Reviewing a ghetto-tech mix CD isn’t easy. What would someone like Ernest Hemingway say about it? Well … he liked drinking, womanizing and, like ghetto-tech producers, his power stemmed from concise language. Likewise, Disco D drops tracks such as “Shake dem titties” and “Take yo panties off,” which leave no ambiguities in their wake. Obviously, ghetto tech isn’t ripe for analysis — it exists solely to move yo ass. Straight Out Tha Trunk does just that in a 45-track flurry of cut-up electro beats and foul-mouthed MCs.
Disco D (aka David Shayman) is one of Detroit’s foremost anomalies. D’s a very young, noticeably white ghetto-tech (see also: booty-house) DJ with more skill and crossover potential than almost anybody currently in metro Detroit. As the former resident of the legendary “Solar” nights at the Blind Pig in Ann Arbor, D cut his teeth on the decks at the tender age of 17. Inspired by Detroit radio DJs such as Wax Tax’n Dre and more underground figures such as DJ Godfather, D’s early sound mimicked that of his influences. Initially, it seemed D had more energy than many established DJs, but lacked their fluidity and style. Now 21, Disco’s matured on the tables, wowing crowds across the nation with his skills as a turntablist. His first studio mix, Straight Out Tha Trunk contains almost as much substance as it does flash and shows that D’s managed to maintain his teenage exuberance to create an irresistibly vibrant mix.
Disco D’s flipped the ghetto-tech script on SOTT with his remixes of various hip-hop tracks. D helps artists such as Paradime (“Detroit Zoo”) and 8 Ball & MJG [“Buck Bounce (Disco D rmx)”] to create beats with a club vibe that are dirtier than hip hop, yet much more polished than conventional ghetto tech. The “Buck Bounce” remix is especially dope, and D’s eerie electrofunk reworking clearly outshines the original mix. Other highlights include new, unreleased tracks by DJs Godfather, Slugo, Nephets and Deeon. DJ Deeon’s tracks are especially raw, with perverse synth noises and rhymes that make Ol’ Dirty Bastard seem like Pat Boone.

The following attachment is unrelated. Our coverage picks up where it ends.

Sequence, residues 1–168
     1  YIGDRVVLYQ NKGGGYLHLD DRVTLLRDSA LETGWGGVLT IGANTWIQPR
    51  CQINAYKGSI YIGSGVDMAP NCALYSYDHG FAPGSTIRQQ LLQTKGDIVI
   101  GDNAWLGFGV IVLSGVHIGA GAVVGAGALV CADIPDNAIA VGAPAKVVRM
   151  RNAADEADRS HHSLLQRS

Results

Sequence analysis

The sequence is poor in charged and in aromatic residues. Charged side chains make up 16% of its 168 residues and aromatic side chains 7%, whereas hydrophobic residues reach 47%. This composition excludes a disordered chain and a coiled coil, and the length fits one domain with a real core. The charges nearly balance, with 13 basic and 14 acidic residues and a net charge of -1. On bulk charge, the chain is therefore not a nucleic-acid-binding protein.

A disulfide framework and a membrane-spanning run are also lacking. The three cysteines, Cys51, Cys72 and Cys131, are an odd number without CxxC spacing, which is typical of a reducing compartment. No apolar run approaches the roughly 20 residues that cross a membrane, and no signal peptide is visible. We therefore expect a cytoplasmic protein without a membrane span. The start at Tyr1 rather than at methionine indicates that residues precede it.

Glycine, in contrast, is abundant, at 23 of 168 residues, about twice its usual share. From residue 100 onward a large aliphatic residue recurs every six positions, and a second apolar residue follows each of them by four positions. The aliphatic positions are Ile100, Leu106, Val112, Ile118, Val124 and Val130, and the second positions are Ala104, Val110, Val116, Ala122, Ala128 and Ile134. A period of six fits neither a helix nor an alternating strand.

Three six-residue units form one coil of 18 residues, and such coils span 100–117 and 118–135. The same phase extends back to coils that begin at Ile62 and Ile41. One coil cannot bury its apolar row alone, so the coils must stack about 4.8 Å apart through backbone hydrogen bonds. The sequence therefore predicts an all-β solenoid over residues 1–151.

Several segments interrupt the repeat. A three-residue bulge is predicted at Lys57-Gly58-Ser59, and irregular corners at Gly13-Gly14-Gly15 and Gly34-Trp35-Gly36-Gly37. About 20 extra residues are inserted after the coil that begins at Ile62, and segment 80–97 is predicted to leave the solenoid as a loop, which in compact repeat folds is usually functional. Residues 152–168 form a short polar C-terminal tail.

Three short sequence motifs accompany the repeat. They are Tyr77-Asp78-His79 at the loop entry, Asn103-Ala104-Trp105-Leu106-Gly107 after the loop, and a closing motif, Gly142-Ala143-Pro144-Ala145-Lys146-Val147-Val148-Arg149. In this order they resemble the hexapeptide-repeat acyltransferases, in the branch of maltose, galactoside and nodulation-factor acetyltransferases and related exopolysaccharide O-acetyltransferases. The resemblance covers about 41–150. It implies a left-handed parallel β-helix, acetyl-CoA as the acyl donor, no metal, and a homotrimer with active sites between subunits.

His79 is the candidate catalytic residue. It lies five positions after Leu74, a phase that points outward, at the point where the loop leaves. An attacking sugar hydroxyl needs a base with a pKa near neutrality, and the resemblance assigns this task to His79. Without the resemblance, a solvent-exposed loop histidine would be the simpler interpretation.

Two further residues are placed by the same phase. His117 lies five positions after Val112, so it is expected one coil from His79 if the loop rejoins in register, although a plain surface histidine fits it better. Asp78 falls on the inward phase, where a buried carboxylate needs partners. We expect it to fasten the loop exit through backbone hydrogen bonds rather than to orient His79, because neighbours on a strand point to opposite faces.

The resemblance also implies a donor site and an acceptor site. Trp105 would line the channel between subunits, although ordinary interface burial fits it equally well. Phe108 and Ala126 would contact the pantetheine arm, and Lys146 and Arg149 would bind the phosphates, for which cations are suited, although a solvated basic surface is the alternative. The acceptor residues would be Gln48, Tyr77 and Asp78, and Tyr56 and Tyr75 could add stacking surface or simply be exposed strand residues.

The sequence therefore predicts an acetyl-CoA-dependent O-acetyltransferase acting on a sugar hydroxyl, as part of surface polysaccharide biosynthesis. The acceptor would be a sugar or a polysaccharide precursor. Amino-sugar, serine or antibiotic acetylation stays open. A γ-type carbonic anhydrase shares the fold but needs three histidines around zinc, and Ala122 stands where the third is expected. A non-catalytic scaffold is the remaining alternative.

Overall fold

Regardless of your tastes in DJ-oriented music, it’s impossible to deny pure skill. Disco D dices tracks like the Iron Chef cuts bok choy. There’s so much energy pushing one track into the next that even if you’re grossed out by the lyrical content, your booty will shake side-to-side faster than your disapproving head.
Disco D performs at his record-release party, Wednesday, Oct. 24 at the Necto, 516 E. Liberty, Ann Arbor.
E-mail Robert Gorell at [email protected].
We welcome readers to submit letters regarding articles and content in Detroit Metro Times. Letters should be a minimum of 150 words, refer to content that has appeared on Detroit Metro Times, and must include the writer's full name, address, and phone number for verification purposes. No attachments will be considered. Writers of letters selected for publication will be notified via email. Letters may be edited and shortened for space.
Email us at [email protected].
Support Local Journalism.
Join the Detroit Metro Times Press Club
Local journalism is information. Information is power. And we believe everyone deserves access to accurate independent coverage of their community and state. Our readers helped us continue this coverage in 2020, and we are so grateful for the support.
Help us keep this coverage going in 2021. Whether it's a one-time acknowledgement of this article or an ongoing membership pledge, your support goes to local-based reporting from our small but mighty team.
Join the Metro Times Press Club for as little as $5 a month.
Subscribe now to get the latest news delivered right to your inbox.